Brazil set to elect ex-guerrilla as president
Brazil set to elect ex-guerrilla as president
By BRADLEY BROOKS, Associated Press – 55 mins ago
SAO PAULO – A former Marxist guerrilla who was tortured and imprisoned during Brazil's long dictatorship was heavily favored to be elected Sunday as the president of Latin America's largest nation, a country in the midst of a dynamic economic and political rise.
Dilma Rousseff, the hand-chosen successor to wildly popular President Luiz Inacio Lula da Silva, cemented her image to Silva's, whose policies she promises to continue. Barring a surprise comeback by her centrist rival Jose Serra, she will become Brazil's first female leader.
Whoever takes power after Silva exits on Jan. 1 will lead a nation on the rise, a country that will host the 2014 World Cup and that is expected to be the globe's fifth-largest economy by the time it hosts the 2016 Summer Olympics. It has also recently discovered massive oil reserves off its coast.
Both contenders are economists by training.
Rousseff was already speaking in confident and conciliatory tones on Sunday.
"Starting tomorrow we begin a new stage of democracy," Rousseff, 62, said in the southern city of Porto Alegre, where she cast her vote. "I will rule for everyone, speak with all Brazilians, without exception."
After he voted in Sao Paulo, Serra told reporters that after eight years of rule by Silva and his Workers Party, it was time for change.
Silva used his 80-percent approval ratings to campaign incessantly for Rousseff, his former chief of staff and political protege. She never has held elected office and lacks any of the charisma that transformed Silva from a one-time shoeshine boy into one of the globe's most popular leaders.
Silva has served two four-year terms and is barred by Brazil's constitution from running for a third. He has batted down chatter in Brazil's press that he is setting himself up for a new run at the presidency in 2014, which would be legally allowed.
That does not mean many voters don't want him to stay.
"If Lula ran for president 10 times, I would vote for him 10 times," said Marisa Santos, a 43-year-old selling her homemade jewelry on a Sao Paulo street. "I'm voting for Dilma of course, but the truth is it will still be Lula who will lead us."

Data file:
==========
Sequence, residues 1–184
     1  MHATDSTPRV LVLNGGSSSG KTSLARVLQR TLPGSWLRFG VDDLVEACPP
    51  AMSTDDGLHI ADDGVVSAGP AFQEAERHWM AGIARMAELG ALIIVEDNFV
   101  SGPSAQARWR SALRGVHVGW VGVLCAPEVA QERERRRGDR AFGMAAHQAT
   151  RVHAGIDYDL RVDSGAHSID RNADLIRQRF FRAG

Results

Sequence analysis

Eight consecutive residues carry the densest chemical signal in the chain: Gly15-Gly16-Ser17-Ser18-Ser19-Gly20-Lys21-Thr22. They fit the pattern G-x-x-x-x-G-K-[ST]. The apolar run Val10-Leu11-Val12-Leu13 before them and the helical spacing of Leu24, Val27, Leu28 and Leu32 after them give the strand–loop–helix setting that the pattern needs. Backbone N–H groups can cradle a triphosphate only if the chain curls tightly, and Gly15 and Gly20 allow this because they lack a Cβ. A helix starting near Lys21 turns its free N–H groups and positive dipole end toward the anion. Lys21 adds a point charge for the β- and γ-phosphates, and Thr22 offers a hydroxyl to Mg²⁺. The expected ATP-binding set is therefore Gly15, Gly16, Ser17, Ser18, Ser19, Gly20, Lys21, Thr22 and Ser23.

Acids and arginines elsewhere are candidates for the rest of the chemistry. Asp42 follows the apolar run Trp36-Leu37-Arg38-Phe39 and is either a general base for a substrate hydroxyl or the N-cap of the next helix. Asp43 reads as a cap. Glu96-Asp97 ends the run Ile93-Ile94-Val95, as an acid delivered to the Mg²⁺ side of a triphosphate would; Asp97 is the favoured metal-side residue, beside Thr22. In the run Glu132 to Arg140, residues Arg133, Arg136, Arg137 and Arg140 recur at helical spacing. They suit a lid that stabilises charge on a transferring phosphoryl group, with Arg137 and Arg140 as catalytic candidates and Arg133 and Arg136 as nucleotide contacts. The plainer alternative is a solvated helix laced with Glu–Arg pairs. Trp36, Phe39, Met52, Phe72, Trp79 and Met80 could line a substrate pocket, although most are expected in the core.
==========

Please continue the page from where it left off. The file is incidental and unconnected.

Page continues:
Silva entered office with a background as a lefist labor leader, but he governed from a moderate perspective. Under his leadership, the economy grew strongly and Brazil weathered the global financial crisis better than most nations.
He is loved within Brazil by the legions of poor, who consider the nation's first working-class president one of their own. His social programs and orthodox economic policies have helped lift 20 million people out of poverty and thrust another 29 million into the middle class.
Serra is a 68-year-old former governor of Sao Paulo state and one-time health minister who was badly beaten by Silva in the 2002 presidential election.
In the first round of the presidential election Oct. 3, Rousseff got 46.9 percent of the votes, falling just short of the majority needed to avoid a runoff. Serra finished second with 32.6 percent.
The Green Party's Marina Silva, a former environment minister and no relation to the president, took 20 million votes, leaving Rousseff and Serra to scramble for her supporters during the second round.
A survey by the respected Datafolha polling institute Rousseff a 50 percent to 40 percent lead. The poll interviewed 4,205 people across Brazil on Thursday and had a margin of error of plus or minus 2 percentage points.
"I voted for Dilma because she is a fighter," said Estevam Sanches, a 43-year-old pizza parlor owner in Sao Paulo. "What we need is a fighter in the presidency to continue, as she says she will, with Lula's efforts to eradicate poverty and strengthen the economy."
But Celia Montes, also voting in Sao Paulo, said she supported Serra because she said the Workers Party had failed to make advancements in education, "and without a base of skilled labor we cannot build on the gains Brazil has made."
Rousseff was a key player in an armed militant group that resisted the 1964-1985 military dictatorship and was imprisoned and tortured for it. She is a cancer survivor and a former minister of energy and chief of staff to Silva.
Serra also battled the dictatorship, but through politics rather than armed resistance. He headed a national student group that opposed the regime and was forced into exile in Chile in 1965 before heading to the U.S., where he earned a doctorate in economics at Cornell.
Under President Fernando Henrique Cardoso, Silva's predecessor, Serra served as planning minister, then health minister, winning praise for defying the pharmaceutical lobby to market cheap generic drugs and free anti-AIDS medicine.
About 135 million voters will cast ballots Sunday.
Under Brazilian law, voting is mandatory for citizens between the ages of 18 and 70. Not voting could result in a small fine and make it impossible to obtain a passport or a government job, among other penalties.
Associated Press writers Marco Sibaja in Brasilia and Stan Lehman and Tales Azzoni in Sao Paulo contributed to this report.